\[\Large W\left( x \right) = {A_1}{x^4} + {A_2}{x^3} + {A_3}{x^2} + {A_4}x + {A_5}\]
As you can see, now we have to determine, by using our experimental observations, 5 real coefficients, namely:
\[\Large {A_1},\;{A_2},\;{A_3},\;{A_4},\;{A_5}\]

- Michele_Laino

which*

- anonymous

ahhh I understand! Ok so thats the final answer, correct?

- Michele_Laino

yes! You can write this:
"We can establish the values of each coefficients of our sample polynomial function for W(x), by experimental observations about the water level W(x) as function of time or as function of the months of the year"

- anonymous

Thank-you:)

- Michele_Laino

:)

- Michele_Laino

ok!

- Michele_Laino

I think that better is if we make a drawing of that function:
\[\Large T\left( x \right) = {\left( {x - 4} \right)^3} + 6\]
That function is represented by a cubic parabola

- anonymous

I agree

- Michele_Laino

here is the corresponding graph:

##### 1 Attachment

- Michele_Laino

as we can see the turning point is at x=4.
At x=4 the temperature is:
\[\Large T\left( 4 \right) = {\left( {4 - 4} \right)^3} + 6 = 0 + 6 = 6\]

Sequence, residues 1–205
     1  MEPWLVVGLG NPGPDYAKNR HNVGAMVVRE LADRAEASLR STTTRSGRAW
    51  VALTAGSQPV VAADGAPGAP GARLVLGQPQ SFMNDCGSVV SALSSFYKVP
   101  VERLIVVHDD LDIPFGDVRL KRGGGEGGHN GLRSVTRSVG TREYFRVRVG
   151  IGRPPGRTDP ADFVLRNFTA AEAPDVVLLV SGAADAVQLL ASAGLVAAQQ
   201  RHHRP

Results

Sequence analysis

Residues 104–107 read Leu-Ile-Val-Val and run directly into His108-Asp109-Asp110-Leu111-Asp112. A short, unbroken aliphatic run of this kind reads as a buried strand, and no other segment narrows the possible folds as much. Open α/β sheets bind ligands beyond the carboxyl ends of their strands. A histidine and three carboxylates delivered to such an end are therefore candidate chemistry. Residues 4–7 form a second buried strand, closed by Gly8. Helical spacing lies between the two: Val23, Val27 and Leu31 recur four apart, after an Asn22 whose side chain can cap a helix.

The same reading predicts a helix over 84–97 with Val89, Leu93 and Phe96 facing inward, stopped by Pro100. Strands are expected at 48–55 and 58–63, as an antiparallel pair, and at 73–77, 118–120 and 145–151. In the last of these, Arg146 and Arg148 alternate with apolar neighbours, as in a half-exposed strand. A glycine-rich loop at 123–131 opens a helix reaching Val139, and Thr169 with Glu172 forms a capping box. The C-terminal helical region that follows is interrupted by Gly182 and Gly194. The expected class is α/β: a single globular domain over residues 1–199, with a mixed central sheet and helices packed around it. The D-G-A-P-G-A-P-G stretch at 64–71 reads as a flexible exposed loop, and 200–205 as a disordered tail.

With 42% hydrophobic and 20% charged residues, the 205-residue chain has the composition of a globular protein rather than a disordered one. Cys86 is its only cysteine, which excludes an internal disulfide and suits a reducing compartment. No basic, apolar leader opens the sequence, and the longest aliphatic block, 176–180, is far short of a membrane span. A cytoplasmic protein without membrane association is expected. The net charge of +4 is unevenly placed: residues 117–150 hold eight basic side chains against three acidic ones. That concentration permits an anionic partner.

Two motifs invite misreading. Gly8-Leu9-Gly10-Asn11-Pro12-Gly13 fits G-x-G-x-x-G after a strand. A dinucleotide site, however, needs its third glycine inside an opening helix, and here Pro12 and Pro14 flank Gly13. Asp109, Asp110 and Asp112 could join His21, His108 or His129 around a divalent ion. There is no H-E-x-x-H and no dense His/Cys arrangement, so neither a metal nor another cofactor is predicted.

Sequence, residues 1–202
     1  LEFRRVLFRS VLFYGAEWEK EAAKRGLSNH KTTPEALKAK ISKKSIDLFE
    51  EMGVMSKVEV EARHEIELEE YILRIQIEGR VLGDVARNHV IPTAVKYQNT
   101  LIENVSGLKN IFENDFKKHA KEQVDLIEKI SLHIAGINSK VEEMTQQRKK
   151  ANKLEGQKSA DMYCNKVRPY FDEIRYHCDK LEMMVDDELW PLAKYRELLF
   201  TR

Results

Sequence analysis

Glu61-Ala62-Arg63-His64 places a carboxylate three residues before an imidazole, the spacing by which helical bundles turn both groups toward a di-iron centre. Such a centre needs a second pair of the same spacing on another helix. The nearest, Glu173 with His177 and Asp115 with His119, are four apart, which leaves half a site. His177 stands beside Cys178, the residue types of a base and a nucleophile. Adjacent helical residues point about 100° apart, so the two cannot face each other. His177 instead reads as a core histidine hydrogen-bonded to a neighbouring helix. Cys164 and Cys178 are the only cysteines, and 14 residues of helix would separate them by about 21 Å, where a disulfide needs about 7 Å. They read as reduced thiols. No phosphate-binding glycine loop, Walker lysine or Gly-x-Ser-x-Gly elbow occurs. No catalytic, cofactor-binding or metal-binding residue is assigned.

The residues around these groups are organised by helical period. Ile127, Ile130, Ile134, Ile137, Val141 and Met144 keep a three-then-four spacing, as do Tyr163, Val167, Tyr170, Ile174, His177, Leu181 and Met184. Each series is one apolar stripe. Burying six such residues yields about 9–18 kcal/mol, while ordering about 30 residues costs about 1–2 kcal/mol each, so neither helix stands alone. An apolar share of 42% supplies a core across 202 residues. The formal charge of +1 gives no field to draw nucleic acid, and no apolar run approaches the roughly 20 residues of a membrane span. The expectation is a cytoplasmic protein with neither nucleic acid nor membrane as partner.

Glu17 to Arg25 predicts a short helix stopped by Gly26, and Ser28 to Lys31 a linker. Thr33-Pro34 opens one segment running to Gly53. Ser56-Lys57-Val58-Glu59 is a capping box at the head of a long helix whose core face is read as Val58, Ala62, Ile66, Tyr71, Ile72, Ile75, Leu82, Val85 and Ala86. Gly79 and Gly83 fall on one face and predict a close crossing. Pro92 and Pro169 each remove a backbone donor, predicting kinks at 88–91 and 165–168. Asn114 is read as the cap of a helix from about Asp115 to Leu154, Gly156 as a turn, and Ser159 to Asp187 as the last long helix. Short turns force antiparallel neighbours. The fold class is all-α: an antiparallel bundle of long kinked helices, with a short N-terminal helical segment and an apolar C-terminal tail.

- Michele_Laino

yes! I think so!

- Michele_Laino

The requested experimental procedure, which can be used in order to find that turning point, can be this:
"We substitute many values for the x variable, when a change in x, produces little change in T(x), then we are close to that turning point"

- anonymous

I honestly wanna say thank-you for all of your help::)

- Michele_Laino

:)

- anonymous

Sorry, I have one last question!

- Michele_Laino

I'm pondering...

- Michele_Laino

as stated in the previous exercise, a turning point can be like a vertex of a parabola, or a quadratic function

- Michele_Laino

so, Tucker and Karly are both correct, if they refer to a graph like this:
|dw:1436024150337:dw|

- Michele_Laino

|dw:1436024243604:dw|

- Michele_Laino

|dw:1436024282359:dw|